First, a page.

Having children is a personal decision for every couple. Before becoming pregnant, talk to your doctor about how pregnancy may affect your arthritis, how arthritis and your medications may affect your pregnancy and how to prepare to care for the new baby.
If you are sexually active and do not want to have a baby, use an effective birth control method. Birth control information is available from your doctor and family planning clinics in your area. Effective methods of birth control include:
- Condom ("rubber") worn by the man and contraceptive foam or jelly used by the woman. This is a reliable method when these are used together. They are available at drugstores without a prescription.
- Birth control pills, intrauterine devices (IUD) and diaphragms must be prescribed by your doctor. Diaphragms are most effective when used in combination with contraceptive foam or jelly. Discuss these methods with your doctor because there may be special considerations for people who have arthritis: for example, whether to use an IUD if you are prone to infections or the effect of birth control pills on your arthritis.
- Surgical sterilization--vasectomy for the man or tubal ligation for the woman--is completely effective. In a vasectomy, a very small section of the tubes that deliver sperm is removed. The testicles, penis and hormones are not changed. In a tubal ligation, the fallopian tubes that deliver eggs from the ovaries to the uterus are tied shut. There are no changes in hormones or in the appearance of the genitals. This is not the same as a hysterectomy which is a more complete and complicated procedure. Both vasectomy and tubal ligation can be done through tiny incisions that heal quickly. Generally these procedures cannot be reversed.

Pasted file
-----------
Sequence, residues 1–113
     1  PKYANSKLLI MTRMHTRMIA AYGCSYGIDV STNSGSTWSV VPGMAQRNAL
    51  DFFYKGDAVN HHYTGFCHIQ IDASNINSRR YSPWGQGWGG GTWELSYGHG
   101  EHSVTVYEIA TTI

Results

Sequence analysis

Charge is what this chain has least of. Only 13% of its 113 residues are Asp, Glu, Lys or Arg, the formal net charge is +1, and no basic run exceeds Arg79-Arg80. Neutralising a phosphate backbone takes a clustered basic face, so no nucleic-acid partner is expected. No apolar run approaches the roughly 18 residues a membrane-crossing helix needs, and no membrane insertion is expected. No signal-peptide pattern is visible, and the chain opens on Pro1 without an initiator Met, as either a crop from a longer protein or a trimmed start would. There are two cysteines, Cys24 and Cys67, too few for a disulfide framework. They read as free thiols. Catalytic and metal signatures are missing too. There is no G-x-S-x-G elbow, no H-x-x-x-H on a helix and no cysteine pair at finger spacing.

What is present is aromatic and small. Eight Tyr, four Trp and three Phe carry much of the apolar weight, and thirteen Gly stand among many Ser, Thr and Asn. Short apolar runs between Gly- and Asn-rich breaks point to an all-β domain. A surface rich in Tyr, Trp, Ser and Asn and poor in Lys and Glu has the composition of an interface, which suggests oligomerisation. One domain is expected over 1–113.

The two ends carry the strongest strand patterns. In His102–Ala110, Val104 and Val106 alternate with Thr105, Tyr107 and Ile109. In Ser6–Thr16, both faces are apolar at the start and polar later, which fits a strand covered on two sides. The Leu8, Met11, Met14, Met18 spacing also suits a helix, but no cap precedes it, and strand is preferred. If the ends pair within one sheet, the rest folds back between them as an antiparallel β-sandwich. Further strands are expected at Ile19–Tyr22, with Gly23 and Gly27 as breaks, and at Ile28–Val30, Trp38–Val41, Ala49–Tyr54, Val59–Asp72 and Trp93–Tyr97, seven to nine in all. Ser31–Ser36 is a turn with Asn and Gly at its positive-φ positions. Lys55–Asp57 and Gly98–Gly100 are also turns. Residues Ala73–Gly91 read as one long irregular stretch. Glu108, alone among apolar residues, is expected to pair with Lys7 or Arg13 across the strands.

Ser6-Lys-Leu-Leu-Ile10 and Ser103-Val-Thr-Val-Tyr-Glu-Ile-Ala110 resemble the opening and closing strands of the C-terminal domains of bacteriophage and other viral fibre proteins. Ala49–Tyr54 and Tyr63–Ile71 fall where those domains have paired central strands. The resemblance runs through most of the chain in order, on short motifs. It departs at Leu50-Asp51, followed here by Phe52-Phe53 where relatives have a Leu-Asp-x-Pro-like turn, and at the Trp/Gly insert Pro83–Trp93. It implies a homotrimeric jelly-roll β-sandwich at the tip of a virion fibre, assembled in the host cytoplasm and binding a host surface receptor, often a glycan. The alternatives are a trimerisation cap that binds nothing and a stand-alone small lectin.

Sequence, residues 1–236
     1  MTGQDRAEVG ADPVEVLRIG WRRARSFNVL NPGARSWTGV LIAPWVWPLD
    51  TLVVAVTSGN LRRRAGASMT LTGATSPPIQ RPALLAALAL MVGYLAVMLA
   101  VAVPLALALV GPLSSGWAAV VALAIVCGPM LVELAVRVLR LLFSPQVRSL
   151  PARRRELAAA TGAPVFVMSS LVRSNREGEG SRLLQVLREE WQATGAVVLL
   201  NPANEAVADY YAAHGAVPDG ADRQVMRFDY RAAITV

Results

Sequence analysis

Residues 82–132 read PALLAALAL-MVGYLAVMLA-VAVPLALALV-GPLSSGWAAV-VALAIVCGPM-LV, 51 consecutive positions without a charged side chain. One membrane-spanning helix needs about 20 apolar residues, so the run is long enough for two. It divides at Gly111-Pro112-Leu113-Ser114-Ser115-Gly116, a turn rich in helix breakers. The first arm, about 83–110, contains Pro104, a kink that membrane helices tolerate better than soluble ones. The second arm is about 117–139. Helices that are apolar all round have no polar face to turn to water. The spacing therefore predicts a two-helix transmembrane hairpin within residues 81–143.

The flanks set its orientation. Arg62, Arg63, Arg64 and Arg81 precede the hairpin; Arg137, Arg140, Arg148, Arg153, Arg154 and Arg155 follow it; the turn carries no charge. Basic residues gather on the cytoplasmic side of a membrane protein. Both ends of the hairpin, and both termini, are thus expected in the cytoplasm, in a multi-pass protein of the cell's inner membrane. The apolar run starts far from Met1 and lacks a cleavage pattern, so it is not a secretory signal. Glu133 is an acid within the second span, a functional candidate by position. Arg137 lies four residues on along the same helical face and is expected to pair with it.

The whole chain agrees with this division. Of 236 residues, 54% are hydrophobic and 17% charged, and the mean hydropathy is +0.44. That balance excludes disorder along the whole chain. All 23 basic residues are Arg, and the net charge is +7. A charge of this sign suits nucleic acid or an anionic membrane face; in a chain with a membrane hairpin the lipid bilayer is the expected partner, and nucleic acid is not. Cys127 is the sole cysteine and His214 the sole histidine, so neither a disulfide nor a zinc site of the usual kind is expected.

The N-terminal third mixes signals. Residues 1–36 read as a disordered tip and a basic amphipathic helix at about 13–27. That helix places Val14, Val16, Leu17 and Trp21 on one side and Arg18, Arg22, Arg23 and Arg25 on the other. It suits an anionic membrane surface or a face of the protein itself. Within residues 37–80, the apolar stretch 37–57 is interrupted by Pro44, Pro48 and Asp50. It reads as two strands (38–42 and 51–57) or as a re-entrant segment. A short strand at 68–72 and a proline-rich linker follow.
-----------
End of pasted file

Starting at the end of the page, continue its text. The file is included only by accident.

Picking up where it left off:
- The rhythm method, douches and K-Y Jelly are not birth control devices.
Your attitude about your sexual relationship is important. Some individuals regard sex as a duty, others as a gift. The truth is probably somewhere in between for most of us. Should emotional complications arise between you and your partner such as resentment, guilt or any other strongly negative feelings related to your physical relationship, you might consider talking to a counselor. Also talk to your doctor about the effects of your arthritis and its treatment on your sexual relations.
Some of this material may also be available in an Arthritis Foundation brochure.
Adapted from the pamphlet originally prepared for the Arthritis Foundation by Graciela Alarcon, MD, MPH, JoAn Boggs, MSW, Sandra L. Curry, PhD, Stephen B. Levine, MD and Lewis Neemme, PhD. This material is protected by copyright.